“Some of our clients with smaller programs jumped on board early knowing they are going to expand and they wanted to have the complete history of their entire program in Barrel-IT. So, even for breweries that have smaller barrel programs our price point is such that even they get good value using our software,” he says. “When you think about it, the retail cost potential of even one barrel of product is at least $5,000 or more. We have had clients say that if the software prevents the loss of one barrel or better yet helps prevent one bad barrel from ruining an entire blend, it’s already paid for itself for many years.”

Babikian echoes what we’ve already heard, and goes on to add: “The bottom line is investing in the right software will save you money. The things to remember are that when implementing software is there will always be a bit of culture shock and of course a learning curve. However, these issues can be minimized by being selective of the software you choose.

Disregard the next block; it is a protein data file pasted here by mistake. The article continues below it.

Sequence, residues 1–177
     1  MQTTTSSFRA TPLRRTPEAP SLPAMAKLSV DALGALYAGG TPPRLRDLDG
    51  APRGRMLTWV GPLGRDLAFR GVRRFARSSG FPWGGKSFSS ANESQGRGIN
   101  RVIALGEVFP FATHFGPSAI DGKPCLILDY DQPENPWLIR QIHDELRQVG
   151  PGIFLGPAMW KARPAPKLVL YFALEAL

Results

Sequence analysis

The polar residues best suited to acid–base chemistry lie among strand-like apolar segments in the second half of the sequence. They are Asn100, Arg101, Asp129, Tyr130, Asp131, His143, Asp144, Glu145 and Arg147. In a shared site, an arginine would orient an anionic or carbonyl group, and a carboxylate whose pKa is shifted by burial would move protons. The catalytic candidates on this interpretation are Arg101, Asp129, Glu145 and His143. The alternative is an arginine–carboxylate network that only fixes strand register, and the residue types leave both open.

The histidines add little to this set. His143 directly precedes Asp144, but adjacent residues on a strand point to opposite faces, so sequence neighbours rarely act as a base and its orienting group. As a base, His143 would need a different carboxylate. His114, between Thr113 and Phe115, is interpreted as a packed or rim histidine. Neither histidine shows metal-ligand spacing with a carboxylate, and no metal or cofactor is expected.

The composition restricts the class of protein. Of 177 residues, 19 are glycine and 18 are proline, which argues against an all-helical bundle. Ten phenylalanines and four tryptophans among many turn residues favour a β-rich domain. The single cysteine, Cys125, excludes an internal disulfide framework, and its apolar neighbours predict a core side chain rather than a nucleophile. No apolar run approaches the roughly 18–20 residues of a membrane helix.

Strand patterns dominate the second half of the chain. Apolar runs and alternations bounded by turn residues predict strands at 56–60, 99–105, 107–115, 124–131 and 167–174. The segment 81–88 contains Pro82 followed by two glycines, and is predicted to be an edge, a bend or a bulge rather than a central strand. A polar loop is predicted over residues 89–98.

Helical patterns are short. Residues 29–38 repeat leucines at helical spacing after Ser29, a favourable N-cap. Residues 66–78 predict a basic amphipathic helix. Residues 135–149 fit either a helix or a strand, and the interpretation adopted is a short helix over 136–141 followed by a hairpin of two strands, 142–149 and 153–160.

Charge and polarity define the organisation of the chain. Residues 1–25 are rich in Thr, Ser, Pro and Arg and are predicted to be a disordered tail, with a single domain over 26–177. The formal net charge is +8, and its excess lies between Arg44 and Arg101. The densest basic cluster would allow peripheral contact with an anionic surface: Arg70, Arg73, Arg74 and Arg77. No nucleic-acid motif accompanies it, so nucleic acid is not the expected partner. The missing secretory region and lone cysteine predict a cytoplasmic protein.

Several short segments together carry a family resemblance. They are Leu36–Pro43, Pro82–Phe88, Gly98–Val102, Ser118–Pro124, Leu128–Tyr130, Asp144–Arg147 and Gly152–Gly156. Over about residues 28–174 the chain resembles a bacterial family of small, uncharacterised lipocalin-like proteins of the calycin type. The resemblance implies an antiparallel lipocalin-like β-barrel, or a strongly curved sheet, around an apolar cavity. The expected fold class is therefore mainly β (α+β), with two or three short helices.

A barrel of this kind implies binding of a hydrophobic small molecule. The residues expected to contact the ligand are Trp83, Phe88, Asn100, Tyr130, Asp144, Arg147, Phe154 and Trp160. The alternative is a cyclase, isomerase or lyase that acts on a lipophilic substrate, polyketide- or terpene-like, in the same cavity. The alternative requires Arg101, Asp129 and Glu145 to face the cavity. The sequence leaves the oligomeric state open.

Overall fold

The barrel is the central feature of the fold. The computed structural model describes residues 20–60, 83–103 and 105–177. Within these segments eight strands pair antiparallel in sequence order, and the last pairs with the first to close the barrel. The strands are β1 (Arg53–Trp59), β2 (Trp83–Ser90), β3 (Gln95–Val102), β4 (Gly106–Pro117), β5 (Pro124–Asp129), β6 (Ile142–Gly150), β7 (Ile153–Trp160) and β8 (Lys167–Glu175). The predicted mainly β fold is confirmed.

“Put together a list of features that is important to you and try to find one the hits most of what is on that list. For the ones that are not on the list think about how you might be able to change or adapt your process to make it work.

“When you talk to software companies find out their response times for how quickly they can patch or update problems. No software is perfect, they all have bugs in there somewhere. Lastly, see how perceptive they are to adding functionality and future changes or new ideas. If your idea is one that would help other clients as well and make the overall application better that should be enough incentive for them to add it to their roadmap for a future release,” says Babikian.

Brewery management

“I spoke with a brewer yesterday who is typical. They have 35 spreadsheets that all need to be kept up to date and, once each month, he needs to generate reports for government tax authorities – who take a dim view of inaccurate information. He said it used to take him a half day to do it, but as he has grown, it now takes him three days to do these mandatory reports. He said he wanted to buy some of his time back,” explains Dr Will Bralick, founder of Iconic BMS

Bralick says: “I described to him how our system operates: you follow standard operating procedures – those defined by how the system works – to handle purchasing raw materials, receiving them, managing them in inventory (lot/serial control, expiration dates), using them in production to produce beer which is then sold using the POS or B2B sales process and then ship the product.